With casuals, employers do not need to give notice of termination like they do for permanent employees which can mean sometimes up to 3 months notice or more.
A casual employment relationship has many features and an important one is that there is no expectation, on either side, that the employee will work certain shifts or hours on an ongoing basis. A classic example is some bar staff who are told, perhaps each week, when they will be required, if at all. Those staff that have been working regular shifts or days over an extended period, and expect to work those hours, will not be casual employees.
The problems for employers in getting it wrong were again highlighted in a recent case involving a Miner on a fly-in fly out basis. He was paid $40 an hour which was supposed to cover all payments due to perform the work.Importantly, he was engaged as a casual pursuant to a contract and the loading was referenced as part of his payment.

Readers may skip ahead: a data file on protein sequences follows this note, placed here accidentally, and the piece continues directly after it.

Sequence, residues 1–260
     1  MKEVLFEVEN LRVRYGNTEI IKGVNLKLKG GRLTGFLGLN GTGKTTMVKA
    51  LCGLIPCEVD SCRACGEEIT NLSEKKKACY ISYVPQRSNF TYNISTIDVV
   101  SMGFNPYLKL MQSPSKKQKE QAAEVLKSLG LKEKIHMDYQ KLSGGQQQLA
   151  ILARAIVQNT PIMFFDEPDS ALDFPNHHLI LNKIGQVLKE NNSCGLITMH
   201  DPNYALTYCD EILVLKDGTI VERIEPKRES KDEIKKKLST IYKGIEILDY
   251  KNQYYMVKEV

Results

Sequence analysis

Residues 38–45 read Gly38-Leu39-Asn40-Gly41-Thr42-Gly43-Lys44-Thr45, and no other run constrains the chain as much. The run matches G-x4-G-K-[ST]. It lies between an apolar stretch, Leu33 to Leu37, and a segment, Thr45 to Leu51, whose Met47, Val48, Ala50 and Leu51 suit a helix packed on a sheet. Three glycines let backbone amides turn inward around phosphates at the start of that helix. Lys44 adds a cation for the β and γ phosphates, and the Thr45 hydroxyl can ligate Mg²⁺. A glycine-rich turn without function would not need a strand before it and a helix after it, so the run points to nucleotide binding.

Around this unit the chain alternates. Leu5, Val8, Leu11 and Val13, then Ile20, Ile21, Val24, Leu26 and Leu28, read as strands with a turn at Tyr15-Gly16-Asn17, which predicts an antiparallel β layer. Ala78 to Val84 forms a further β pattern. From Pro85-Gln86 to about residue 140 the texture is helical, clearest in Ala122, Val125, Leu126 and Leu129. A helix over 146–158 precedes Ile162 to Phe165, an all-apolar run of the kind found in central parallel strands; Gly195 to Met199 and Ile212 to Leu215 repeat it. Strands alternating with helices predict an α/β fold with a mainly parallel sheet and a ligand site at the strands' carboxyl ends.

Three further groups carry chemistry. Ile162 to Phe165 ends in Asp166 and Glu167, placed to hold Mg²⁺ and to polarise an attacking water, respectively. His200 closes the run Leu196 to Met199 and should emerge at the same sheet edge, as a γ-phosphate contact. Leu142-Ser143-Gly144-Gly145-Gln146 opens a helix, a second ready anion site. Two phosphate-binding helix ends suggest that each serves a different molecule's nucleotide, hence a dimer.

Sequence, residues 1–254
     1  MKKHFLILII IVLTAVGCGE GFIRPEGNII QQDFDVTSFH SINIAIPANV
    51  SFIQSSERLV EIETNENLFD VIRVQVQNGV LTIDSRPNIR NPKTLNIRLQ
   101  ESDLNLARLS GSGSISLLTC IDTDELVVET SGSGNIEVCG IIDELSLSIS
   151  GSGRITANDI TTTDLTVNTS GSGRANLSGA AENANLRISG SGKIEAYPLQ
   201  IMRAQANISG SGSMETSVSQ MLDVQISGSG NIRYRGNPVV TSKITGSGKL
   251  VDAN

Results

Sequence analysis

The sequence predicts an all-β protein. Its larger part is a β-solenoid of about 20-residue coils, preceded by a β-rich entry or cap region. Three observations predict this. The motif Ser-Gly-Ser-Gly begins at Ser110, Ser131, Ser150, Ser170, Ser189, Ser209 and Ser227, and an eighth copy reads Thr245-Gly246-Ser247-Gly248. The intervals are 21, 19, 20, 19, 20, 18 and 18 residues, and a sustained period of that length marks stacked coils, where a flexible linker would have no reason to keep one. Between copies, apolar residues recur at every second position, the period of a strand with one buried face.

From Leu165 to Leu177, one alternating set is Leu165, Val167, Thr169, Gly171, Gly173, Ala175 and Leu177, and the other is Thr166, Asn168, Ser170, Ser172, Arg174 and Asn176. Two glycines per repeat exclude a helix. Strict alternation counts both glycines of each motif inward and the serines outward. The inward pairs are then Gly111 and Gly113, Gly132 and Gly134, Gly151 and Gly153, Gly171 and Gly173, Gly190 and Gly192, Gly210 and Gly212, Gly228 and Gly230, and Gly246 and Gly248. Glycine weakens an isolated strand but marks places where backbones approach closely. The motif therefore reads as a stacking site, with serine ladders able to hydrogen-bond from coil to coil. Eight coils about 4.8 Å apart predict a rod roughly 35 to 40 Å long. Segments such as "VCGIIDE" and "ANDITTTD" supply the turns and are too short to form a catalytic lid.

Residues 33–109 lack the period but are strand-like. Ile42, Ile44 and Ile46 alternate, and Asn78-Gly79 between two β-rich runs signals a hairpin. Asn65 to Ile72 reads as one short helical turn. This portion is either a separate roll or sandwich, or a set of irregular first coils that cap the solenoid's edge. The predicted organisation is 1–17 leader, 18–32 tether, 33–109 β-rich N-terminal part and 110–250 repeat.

He was dismissed with one hour’s notice, in line with his contract and consistent with a casual employment relationship.
He disputed the dismissal saying that he was entitled to annual leave and personal leave.The Court looked at the relationship and held that it was not a casual relationship and that he had a reasonable expectation of ongoing work.
But the kicker for the employer was that they failed in an argument that any payment for annual leave should be offset by the casual loading paid.Therefore the employee continued to be paid $40 per hour and could get his annual leave.
This was an expensive mistake for the employer and one that other employers should ensure does not happen to them.
Before employing casuals, make sure that they are in fact going to be seen as casuals pursuant to the law.
Written by Andrew Bland